In this article, we have seen the value of understanding the virtualization constructs for the data scientist and data engineer as they deploy their analysis onto all kinds of cloud platforms. Virtualization is a key enabling layer of software for these data workers to be aware of and to achieve optimal results from.

Big Data/Hadoop on VMware vSphere - Reference Materials

Deployment Guides:

  1. Virtualizing Hadoop - a Deployment Guide
    www.vmware.com/bde  Under Resources -> Getting Started, or more directly:

  2. Deploying Virtualized Cloudera CDH on vSphere using Isilon Storage - Technical Guide from EMC/Isilon
    or find the latest version at community.emc.com/docs/DOC-26892

  3. Deploying Virtualized Hortonworks HDP on vSphere using Isilon Storage - Technical Guide from EMC/Isilon
    or as above community.emc.com/docs/DOC-26892

Reference Architectures:

  1. Cloudera Reference Architecture - Isilon version

  2. Cloudera Reference Architecture – Direct Attached Storage version

  3. Big Data with Cisco UCS and EMC Isilon: Building a 60 Node Hadoop Cluster (using Cloudera)

  4. Deploying Hortonworks Data Platform (HDP) on VMware vSphere – Technical Reference Architecture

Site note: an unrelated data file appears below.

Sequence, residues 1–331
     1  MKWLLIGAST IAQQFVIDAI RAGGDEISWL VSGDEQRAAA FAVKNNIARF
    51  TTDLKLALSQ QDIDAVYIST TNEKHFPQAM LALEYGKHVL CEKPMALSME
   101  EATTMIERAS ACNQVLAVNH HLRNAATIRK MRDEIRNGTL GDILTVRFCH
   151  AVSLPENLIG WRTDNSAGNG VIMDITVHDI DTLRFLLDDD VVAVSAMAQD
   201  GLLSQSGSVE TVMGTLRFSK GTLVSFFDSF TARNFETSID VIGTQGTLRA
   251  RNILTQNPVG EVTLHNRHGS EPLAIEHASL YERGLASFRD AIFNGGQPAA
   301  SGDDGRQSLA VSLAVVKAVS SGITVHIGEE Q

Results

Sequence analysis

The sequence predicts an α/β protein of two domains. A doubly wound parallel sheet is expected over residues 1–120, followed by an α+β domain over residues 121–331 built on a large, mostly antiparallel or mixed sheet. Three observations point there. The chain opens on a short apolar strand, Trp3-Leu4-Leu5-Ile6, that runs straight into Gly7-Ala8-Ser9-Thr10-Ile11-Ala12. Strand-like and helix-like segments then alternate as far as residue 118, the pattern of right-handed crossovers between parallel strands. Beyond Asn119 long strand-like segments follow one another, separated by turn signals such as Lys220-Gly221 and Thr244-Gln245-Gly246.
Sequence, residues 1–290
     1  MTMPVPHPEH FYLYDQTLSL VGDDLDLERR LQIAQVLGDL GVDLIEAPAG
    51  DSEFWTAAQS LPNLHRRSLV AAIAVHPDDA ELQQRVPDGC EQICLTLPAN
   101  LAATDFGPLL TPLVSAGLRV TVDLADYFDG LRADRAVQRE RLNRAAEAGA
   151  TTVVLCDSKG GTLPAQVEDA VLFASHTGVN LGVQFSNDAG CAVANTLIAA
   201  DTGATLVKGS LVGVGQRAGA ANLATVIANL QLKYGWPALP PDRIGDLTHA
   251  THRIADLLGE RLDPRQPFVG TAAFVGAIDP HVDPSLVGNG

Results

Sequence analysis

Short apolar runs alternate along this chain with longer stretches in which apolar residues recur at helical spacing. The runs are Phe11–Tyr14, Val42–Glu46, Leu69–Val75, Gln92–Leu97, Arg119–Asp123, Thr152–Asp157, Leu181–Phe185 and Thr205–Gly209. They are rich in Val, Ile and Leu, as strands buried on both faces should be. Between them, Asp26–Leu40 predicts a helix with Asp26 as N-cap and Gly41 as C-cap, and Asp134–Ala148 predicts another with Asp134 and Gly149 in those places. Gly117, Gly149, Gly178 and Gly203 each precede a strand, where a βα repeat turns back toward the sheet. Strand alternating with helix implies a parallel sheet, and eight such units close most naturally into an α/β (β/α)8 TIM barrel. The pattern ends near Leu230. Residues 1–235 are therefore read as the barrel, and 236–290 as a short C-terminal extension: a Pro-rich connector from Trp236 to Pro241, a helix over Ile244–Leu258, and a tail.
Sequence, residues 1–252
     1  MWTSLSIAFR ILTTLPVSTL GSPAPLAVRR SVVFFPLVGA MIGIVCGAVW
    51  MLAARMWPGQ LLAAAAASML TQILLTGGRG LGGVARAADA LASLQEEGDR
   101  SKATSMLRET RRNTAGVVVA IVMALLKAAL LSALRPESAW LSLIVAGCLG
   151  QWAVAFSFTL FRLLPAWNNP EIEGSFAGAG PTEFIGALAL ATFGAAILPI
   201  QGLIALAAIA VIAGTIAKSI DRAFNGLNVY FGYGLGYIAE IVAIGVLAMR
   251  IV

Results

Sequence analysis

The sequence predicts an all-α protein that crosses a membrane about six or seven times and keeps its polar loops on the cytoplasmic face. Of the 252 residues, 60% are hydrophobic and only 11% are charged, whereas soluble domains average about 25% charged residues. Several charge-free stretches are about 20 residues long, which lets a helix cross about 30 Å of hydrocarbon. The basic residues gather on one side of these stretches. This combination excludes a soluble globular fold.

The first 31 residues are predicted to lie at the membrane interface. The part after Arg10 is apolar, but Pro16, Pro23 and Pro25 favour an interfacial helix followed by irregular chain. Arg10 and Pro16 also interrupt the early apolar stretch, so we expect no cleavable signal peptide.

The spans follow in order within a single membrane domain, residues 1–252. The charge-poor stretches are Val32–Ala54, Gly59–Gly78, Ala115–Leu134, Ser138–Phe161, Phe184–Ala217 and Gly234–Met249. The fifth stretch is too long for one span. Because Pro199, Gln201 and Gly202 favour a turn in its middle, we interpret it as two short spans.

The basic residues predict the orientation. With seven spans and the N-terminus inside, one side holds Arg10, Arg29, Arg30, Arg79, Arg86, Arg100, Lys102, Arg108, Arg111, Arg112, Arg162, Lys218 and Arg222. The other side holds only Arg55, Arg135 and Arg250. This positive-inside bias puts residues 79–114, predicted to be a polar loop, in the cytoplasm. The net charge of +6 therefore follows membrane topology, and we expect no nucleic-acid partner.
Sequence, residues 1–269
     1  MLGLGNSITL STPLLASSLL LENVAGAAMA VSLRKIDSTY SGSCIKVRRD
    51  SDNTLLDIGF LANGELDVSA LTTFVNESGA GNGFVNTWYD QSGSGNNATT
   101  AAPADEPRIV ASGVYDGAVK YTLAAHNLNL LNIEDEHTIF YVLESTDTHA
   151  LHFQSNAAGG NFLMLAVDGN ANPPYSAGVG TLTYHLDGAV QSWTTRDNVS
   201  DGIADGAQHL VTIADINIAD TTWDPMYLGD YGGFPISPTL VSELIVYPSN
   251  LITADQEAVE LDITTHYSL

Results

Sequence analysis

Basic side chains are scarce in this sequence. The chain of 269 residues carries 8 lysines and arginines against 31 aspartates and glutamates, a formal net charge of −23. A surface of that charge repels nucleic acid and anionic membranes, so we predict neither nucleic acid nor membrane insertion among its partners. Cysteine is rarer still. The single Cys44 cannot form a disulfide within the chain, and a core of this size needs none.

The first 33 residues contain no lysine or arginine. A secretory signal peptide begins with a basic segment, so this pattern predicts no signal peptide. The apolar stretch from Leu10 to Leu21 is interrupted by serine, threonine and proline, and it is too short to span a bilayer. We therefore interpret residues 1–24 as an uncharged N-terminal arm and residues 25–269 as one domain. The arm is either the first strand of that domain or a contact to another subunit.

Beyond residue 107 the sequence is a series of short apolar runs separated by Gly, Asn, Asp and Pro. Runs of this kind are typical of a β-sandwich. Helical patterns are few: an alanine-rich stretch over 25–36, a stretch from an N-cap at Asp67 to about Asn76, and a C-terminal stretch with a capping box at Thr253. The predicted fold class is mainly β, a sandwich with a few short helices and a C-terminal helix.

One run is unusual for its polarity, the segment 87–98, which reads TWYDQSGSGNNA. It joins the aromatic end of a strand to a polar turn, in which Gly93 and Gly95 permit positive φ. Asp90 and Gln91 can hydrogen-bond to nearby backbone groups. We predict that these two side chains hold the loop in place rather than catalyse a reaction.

Case Studies:

  1. Adobe Deploys Hadoop-as-a-Service on VMware vSphere

  2. Virtualizing Hadoop in Large-Scale Infrastructures – technical white paper by EMC

  3. Skyscape Cloud Services Deploys Hadoop in the Cloud on vSphere

  4. Virtualizing Big Data at VMware IT – Starting Out at Small Scale


  1. Big Data Performance on vSphere® 6 – Best Practices for Optimizing Virtualized Big Data Applications (2016)

  2. Virtualized Hadoop Performance with VMware vSphere® 6 on High-Performance Servers (2015)

  3. Virtualized Hadoop Performance with VMware vSphere 5.1     
    There are some very useful best practices in the above two technical papers.

  4. A Benchmarking Case Study of Virtualized Hadoop Performance on vSphere 5

  5. Transaction Processing Council – TPCx-HS Benchmark Results (Cloudera on VMware performance, submitted by Dell)

  6. ESG Lab Review: VCE vBlock Systems with EMC Isilon for Enterprise Hadoop

Other vSphere Features and Big Data:

  1. Protecting Hadoop with VMware vSphere 5 Fault Tolerance

  2. Toward an Elastic Elephant – Enabling Hadoop for the Cloud

  3. Apache Flume and Apache Scoop Data Ingestion to Apache Hadoop Clusters on VMware vSphere

  4. Hadoop Virtualization Extensions (HVE):

VMware CTO and Cloudera CTO Interview videos and Adobe Reference video:


Bio: Justin Murray (@johjustinmurray) is a Technical Marketing Architect at VMware in Palo Alto, CA. He has worked in various technical and alliances roles at VMware since 2007. Justin works with VMware’s customers and field engineering to create guidelines and best practices for using virtualization technology for big data. He has spoken at a variety of conferences on these subjects and has published blogs, white papers and other materials in this field.